"Muse" is technically an EP but I think of it more as a suite of thematically interconnected pieces. It is the result of a series of spontaneous recordings that I did during a very difficult and challenging period of my life. I was not concerned with creating an album--this was, instead, my reaching out for an artistic life raft in an effort to stay afloat emotionally and spiritually. The recording process could not have been more spartan: I stuck a Zoom recorder in front of my amp and played. These tracks, then, are the antithesis of contemporary studio digital sound. Sometimes I can even be heard bumping into things accidentally and because of the live in-room sound, amp/pedal hiss is present as well. And for those who miss the urban ambience of "soundings.live," at some points here trucks pass by, adding what sounds like storm clouds in the distance. It's all live and real, no studio overdubbing, and it is also deeply felt.
All About Jazz review by Florence Wetzel:
Muse is a poetic suite on loss and resilience by violinist and sound sculptor David Strother. His previous release, Soundings.live (Self-produced), was a lovely integration of improvised violin and Los Angeles street noise, but on Muse he delves into the personal to tell a story through sound. Given Strother's extensive experience with spoken word, it's not surprising that his new recording has a narrative quality: he has collaborated often with noted performance artist Ulysses Jenkins, and he also co-hosts a poetry salon with writer Ricardo Acuna in Glendale, California, accompanying poets with on-the-spot improvisations.
The catalyst for Muse was the death of Strother's mother, a profound loss that was compounded by other unexpected life events. In order to cope with his grief, Strother did what he does best: make music. The seven-part suite starts with "Mi Media Naranja," a raw, primal tune full of echoes and hesitations. Pure emotion quivers through the strings, plaintive and direct, the fragile sounds hovering in space. Then "Love You Forever" delves deep into the ache, revealing the strange beauty of sadness, the kernel of majesty that exists within the greatest sorrow. The flights of the violin echo the flights of the heart, the way feelings plunge and swoop and plunge again. The piece also reflects Strother's creative looping and his ability to create subtle, gossamer effects.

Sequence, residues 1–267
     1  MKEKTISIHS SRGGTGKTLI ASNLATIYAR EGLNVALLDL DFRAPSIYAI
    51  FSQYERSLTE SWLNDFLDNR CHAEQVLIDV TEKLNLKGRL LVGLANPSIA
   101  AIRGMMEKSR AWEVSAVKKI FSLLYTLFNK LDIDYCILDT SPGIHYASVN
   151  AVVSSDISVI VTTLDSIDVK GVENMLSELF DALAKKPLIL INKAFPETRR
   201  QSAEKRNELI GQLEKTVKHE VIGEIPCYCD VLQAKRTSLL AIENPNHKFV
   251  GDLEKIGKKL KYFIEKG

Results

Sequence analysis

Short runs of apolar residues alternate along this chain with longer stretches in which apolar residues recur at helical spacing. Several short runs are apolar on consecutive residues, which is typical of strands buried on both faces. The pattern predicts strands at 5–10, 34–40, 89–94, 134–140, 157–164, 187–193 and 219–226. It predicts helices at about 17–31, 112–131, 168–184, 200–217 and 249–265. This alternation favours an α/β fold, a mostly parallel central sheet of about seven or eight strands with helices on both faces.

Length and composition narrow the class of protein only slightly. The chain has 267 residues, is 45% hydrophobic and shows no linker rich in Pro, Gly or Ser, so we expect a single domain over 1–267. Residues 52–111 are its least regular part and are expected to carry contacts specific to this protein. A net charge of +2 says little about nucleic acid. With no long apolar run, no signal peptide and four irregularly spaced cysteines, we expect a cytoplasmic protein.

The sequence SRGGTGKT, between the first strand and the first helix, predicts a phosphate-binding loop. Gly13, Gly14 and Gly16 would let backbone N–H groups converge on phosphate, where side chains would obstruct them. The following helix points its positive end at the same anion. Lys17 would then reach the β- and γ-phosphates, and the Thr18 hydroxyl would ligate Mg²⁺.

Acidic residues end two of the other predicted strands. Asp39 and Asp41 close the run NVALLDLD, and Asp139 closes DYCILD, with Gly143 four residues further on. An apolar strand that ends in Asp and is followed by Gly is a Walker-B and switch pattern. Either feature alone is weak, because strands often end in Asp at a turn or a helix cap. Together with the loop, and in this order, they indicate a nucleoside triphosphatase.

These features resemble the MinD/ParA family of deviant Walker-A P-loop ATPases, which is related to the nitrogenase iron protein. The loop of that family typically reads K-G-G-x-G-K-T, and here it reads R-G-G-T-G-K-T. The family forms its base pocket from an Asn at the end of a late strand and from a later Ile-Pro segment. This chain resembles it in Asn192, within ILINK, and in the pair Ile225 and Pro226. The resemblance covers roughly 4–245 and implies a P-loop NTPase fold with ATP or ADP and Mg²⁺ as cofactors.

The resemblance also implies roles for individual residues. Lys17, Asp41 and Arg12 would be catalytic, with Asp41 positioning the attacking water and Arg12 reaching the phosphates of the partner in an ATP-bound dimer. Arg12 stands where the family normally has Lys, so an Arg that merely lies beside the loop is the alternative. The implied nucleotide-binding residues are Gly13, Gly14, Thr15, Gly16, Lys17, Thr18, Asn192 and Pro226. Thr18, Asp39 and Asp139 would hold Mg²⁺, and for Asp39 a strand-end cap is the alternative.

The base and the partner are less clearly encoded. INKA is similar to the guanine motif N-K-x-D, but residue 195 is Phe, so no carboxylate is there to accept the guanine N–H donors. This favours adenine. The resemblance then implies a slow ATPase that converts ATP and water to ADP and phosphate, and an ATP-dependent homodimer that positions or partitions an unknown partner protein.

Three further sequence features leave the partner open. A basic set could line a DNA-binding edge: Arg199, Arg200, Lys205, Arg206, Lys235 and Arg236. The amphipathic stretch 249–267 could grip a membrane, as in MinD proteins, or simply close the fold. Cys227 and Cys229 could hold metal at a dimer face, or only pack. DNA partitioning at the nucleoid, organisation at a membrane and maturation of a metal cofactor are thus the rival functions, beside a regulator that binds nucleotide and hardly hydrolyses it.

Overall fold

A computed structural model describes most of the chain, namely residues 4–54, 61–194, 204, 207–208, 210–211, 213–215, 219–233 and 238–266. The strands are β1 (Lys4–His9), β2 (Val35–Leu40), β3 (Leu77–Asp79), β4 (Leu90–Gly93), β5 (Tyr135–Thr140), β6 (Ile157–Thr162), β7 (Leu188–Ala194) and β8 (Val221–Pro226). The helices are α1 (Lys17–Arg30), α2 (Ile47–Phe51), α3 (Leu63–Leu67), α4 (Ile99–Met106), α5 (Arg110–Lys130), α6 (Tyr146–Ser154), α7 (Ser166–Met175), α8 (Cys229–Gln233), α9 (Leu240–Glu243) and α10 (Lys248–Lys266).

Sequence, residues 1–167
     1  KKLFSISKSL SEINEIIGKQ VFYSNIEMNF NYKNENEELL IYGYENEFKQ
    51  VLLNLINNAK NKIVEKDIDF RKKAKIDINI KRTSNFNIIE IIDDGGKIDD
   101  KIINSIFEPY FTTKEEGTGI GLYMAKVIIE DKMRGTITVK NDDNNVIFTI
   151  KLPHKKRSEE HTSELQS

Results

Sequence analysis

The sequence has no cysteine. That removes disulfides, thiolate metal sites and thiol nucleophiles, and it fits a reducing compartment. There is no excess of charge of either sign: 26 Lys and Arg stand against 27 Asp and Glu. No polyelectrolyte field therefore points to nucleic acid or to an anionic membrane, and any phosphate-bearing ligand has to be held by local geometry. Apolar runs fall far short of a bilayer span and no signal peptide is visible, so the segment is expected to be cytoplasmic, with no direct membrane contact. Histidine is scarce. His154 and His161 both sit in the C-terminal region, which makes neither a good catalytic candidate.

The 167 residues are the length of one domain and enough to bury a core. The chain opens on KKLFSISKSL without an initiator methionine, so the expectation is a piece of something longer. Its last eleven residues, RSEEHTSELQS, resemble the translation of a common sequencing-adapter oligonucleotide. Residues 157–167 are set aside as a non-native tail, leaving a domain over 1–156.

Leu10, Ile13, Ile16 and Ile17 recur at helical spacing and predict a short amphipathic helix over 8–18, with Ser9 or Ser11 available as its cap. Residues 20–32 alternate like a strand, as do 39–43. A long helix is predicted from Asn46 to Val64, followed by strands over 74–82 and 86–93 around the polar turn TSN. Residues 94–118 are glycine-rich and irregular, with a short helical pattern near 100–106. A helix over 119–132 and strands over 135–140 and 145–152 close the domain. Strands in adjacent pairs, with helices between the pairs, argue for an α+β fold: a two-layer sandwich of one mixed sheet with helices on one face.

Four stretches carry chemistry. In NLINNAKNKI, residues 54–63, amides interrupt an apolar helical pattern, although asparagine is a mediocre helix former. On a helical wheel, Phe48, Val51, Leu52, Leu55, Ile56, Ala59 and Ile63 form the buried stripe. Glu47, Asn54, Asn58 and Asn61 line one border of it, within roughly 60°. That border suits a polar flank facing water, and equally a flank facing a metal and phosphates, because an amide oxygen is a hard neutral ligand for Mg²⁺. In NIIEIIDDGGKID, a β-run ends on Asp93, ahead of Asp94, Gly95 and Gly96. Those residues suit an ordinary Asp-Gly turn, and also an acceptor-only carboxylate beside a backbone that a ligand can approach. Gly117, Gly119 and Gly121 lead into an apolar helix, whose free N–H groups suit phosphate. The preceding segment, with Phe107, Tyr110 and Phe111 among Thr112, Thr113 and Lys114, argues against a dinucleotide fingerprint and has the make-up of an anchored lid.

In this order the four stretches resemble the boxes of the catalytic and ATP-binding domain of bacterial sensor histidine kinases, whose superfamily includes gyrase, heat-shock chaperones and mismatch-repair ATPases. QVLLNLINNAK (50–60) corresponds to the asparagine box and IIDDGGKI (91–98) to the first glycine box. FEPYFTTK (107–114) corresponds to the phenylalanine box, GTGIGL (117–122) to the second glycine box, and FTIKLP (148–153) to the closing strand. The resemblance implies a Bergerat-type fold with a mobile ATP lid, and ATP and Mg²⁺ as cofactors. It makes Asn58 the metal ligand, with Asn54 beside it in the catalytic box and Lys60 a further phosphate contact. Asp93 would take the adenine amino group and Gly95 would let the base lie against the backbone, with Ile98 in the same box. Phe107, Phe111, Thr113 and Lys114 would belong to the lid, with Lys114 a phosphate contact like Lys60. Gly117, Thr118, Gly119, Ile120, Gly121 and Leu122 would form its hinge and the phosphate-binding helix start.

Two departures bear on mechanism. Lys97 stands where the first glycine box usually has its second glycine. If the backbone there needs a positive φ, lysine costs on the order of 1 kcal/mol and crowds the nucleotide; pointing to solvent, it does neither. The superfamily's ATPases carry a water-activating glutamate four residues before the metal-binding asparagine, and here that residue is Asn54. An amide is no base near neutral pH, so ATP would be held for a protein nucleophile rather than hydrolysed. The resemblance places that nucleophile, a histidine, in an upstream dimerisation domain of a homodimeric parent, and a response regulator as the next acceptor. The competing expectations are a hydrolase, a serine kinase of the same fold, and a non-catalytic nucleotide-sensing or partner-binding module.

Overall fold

"Violation (The Demon Inside)" is a haunting song, quivering and unsparing. A quiet, steady plucking underlies the tune, providing an undertone that throbs beneath the crash and burn of the strings. "This Phlight Tonight" is full of shivering, shredding palpitations, the violin looping in on itself to create its own backdrop. "Love Bomber" has an echoing urgency that ascends the upper reaches, the distant realms and shuddering high notes that strings access so magnificently, and "Last Night of the Earth Poem" is a short, lovely piece, a brief burst of sorrow that finds the hidden places only poetry can reach.
The album ends with "Healing," a longer tune that integrates the emotions and lessons of the journey. The song proceeds cautiously, the violin trembling with hope as it carefully tests out the new ground. A fine, subtle joy emerges as the piece progresses, a beautiful depiction of the fresh world that appears after one has survived a crisis. The music eventually drifts into a quiet, contented silence, unfolding itself into a wise quietude.
Surely one of the great mysteries of the human heart is its enormous resiliency, and the way that loss can lead to a soulful flowering. It's an enigmatic process that's not easy to capture, but by virtue of Strother's unerring sensitivity, he has created a spare, beautiful work of great depth.
Track Listing: Mi Media Naranja; Love You Forever; Violation (The Demon Inside); This Phlight Tonight; Love Bomber; Last Night of the Earth Poem; Healing.
Personnel: David Strother: electric five-string violin, unaccompanied and with loops.